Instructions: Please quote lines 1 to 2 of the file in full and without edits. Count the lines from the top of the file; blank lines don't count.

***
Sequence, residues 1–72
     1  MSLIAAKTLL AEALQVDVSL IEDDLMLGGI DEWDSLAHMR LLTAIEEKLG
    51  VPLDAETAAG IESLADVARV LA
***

Sequence, residues 1–72
     1  MSLIAAKTLL AEALQVDVSL IEDDLMLGGI DEWDSLAHMR LLTAIEEKLG